Articles Posted in Public Benefits

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In 2013, Emma Reiger entered the Good Samaritan Society's basic care facility. She executed a general durable power of attorney appointing two women "to be my attorneys-in-fact and co-agents in my name and for my benefit." Rieger signed a "Designation of Authorized Representative" authorizing the Society to "(i) initiate an application for Medicaid benefits on my behalf, (ii) participate in all reviews of my eligibility for Medicaid benefits and (iii) take such action as may be necessary to establish my eligibility for Medicaid." On the same date, Rieger signed a separate document titled, "Assignment of Medicaid Benefits," which assigned to the Society her right to obtain Medicaid benefits for services provided to her by the Society, and an "Authorization for Release of Health Information." These documents were provided to the Department of Human Services. The Department oappealed a judgment reversing the Department's dismissal of Rieger's appeal challenging its denial of her Medicaid application and remanding for a fair hearing on the application. Because the law allowed The Evangelical Good Samaritan Society, doing business as the Good Samaritan Society - Mott ("Society"), to act as Rieger's authorized representative for purposes of appealing the Department's denial of her Medicaid application, the Court affirmed the judgment. View "Evangelical Good Samaritan Society v. N.D. Dep't of Human Services" on Justia Law

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Shirley Bleick appealed a district court order affirming a Department of Human Services' decision denying her application for Medicaid benefits. The Supreme Court affirmed, concluding a preponderance of the evidence supported the Department's finding that the income stream from Shirley Bleick's life estate exceeded asset limits for Medicaid eligibility. View "Bleick v. N.D. Dep't of Human Services" on Justia Law

Posted in: Public Benefits

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A Job Service claims deputy issued an initial determination that Kenneth Risovi misrepresented facts in order to obtain unemployment benefits, which he was not eligible to receive. Job Service disqualified Risovi from receiving unemployment benefits from November 4, 2012, to October 26, 2013. Risovi appealed the determination. Finding no reversible error, the Supreme Court affirmed. View "Risovi v. Job Service" on Justia Law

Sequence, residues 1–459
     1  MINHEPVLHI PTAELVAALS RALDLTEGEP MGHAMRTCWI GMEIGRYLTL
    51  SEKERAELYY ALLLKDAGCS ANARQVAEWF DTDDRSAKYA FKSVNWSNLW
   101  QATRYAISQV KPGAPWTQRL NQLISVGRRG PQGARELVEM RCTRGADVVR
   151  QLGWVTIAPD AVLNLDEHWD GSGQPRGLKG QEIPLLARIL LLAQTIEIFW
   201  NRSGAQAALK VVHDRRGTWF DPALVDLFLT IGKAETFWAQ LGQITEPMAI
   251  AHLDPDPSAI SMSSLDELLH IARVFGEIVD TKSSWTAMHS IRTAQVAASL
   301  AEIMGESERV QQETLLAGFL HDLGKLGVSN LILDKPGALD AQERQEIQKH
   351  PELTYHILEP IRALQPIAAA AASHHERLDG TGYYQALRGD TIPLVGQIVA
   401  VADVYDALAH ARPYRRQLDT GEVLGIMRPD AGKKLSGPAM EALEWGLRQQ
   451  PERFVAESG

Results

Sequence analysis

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Kathy Inwards was injured while employed as an assembler by Bobcat. WSI accepted liability for her claim and awarded Inwards vocational rehabilitation benefits to assist her in returning to work. In early June 2011, WSI issued a notice of intention to discontinue benefits ("NOID") stating her disability benefits would end then convert to retraining benefits. She had 30 days to request reconsideration of the decision. WSI issued a formal order requiring Inwards to "enter into training at Hutchinson Community College, Hutchinson, Kansas, in the Business Management & Entrepreneurship AAS program." Inwards requested reconsideration of the vocational rehabilitation plan, but attended two college courses during the summer of 2011 in accordance with the plan. Inwards complained to her physician that she was having increased pain as a result of her course work. Although Inwards registered for fall courses at the college, she withdrew from them. In October 2011, WSI issued a NOID to Inwards stating "[t]here is no medical evidence that supports your professed inability to attend the classes as outlined in the administrative order dated June 27, 2011. You are now considered to be in non-compliance with vocational rehab." Inwards timely requested reconsideration of this NOID, and on January 13, 2012, WSI issued a formal order suspending Inwards' rehabilitation benefits based on her noncompliance with the rehabilitation plan. Inwards timely requested a hearing to challenge WSI's finding of noncompliance and suspension of benefits. The ALJ reversed WSI's January 13, 2012 order suspending benefits for noncompliance with the vocational rehabilitation plan. WSI appealed to district court and Inwards moved to dismiss the appeal, claiming the court lacked subject matter jurisdiction because WSI failed to serve the notice of appeal and specification of errors on Inwards and her employer. The court denied the motion to dismiss, concluding Inwards had no standing to object to defective service on her employer and there was good cause to excuse WSI's mistake about recently mandated court electronic filing requirements. The court reversed the ALJ's decision, concluding the finding of good cause was "not supported by law," and reinstated WSI's January 13, 2012 order of noncompliance. The Supreme Court concluded the ALJ erred as a matter of law in ruling Inwards had good cause for failing to comply with a retraining program because WSI's previous order requiring Inwards to participate in the retraining program had been appealed and had not been finally resolved at the time she withdrew from the retraining program. The Court affirmed the district court judgment reversing the ALJ's decision and reinstating WSI's order of noncompliance. View "Inwards v. WSI" on Justia Law